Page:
Early in the 1952 season, Wiley suffered a knee injury that sidelined her for most of the year. She was used sparingly after recovering, until she had a clash with manager Winsch toward the end of the season when he disciplined her teammate Charlene Pryer for not going in to pinch-run quickly when asked. Winsch felt Wiley was insubordinate and suspended her for 30 days. Then Janet decided she would not go back to the team. I was so angry, I wouldn't play for him anyway, she explained. The league gave her an all-out release from her contract and she returned home to South Bend.[4] A short time later, five other players walked out in protest, leaving Winsch's team short-handed for the rest of the season.[12]

Nevertheless, Wiley was signed by the Rockford Peaches before the 1953 season. She played in just 33 games because recurrent knee ailments.[13]

Wiley left the league behind and married Donald L. Sears in 1955.[1] The couple raised six children, three boys and three girls in the Michiana area centered on South Bend.[3] She always thought that her experience in the league helped her as a mother. It helped me to encourage our girls to be whatever they wanted to be and the boys to respect them for it, she proudly explained.[4]

After her baseball days, Janet coached junior softball for ten years, attended AAGPBL Players Association reunions, and enjoyed woodworking and gardening. Besides this, she stayed in her hometown and watched over her nine grandchildren and three great-grandchildren.[3][4]

Since 1988 she is part of Women in Baseball, a permanent display based at the Baseball Hall of Fame and Museum in Cooperstown, New York, which was unveiled to honor the entire All-American Girls Professional Baseball League.

Janet Wiley Sears died in South Bend, Indiana, at the age of 76. She is buried at Southlawn Cemetery in Centre Township, Indiana.[3]

Career statisticsEdit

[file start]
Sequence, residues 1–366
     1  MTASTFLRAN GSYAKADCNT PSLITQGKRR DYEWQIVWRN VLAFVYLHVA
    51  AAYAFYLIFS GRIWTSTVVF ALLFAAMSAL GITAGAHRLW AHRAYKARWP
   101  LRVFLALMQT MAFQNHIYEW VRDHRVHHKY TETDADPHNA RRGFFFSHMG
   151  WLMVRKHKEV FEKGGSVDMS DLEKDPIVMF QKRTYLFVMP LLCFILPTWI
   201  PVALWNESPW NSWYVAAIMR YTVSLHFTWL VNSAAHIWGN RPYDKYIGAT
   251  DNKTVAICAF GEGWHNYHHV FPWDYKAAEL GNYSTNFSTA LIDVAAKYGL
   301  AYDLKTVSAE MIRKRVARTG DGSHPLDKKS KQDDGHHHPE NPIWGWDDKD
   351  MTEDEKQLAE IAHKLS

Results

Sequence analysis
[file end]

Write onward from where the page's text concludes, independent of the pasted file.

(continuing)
147 380 31 74 5 2 0 25 7 31 69 .195 .255


1 0 0 .000 0.00 1 0 0 0 0 0


127 1086 48 34 1168 41 .971



  1. ^ a b "All-American Girls Professional Baseball League official website – Janet (Wiley) Sears profile". Archived from the original on 2015-10-01. Cite uses deprecated parameter |deadurl= (help)
  2. ^ The Women of the All-American Girls Professional Baseball League: A Biographical DictionaryW. C. Madden. Publisher: McFarland & Company, 2005. Format: Softcover, 295 pp. Language: English. ISBN 978-0-7864-2263-0
  3. ^ a b c d " – Obituary".
  4. ^ a b c d e f The Women of the All-American Girls Professional Baseball League
  5. ^ Encyclopedia of Women and Baseball – Leslie A. Heaphy, Mel Anthony May. Publisher: McFarland & Company, 2006. Format: Softcover, 438pp. Language: English. ISBN 0-7864-2100-2
  6. ^ Encyclopedia of Women and Baseball
  7. ^ 1950 Chicago Colleens Archived 2012-03-29 at the Wayback Machine
  8. ^ 1950 South Bend Blue Sox
  9. ^ All-American Girls Professional Baseball League Record BookW. C. Madden. Publisher: McFarland & Company, 2000. Format: Hardcover, 294pp. Language: English. ISBN 0-7864-0597-X
  10. ^ 1951 South Bend Blue Sox Archived 2012-03-29 at the Wayback Machine
  11. ^ a b All-American Girls Professional Baseball League Record Book
  12. ^ SABR Biography Project – Elizabeth Mahon article by Jim Sargent
  13. ^ 1953 Rockford Peaches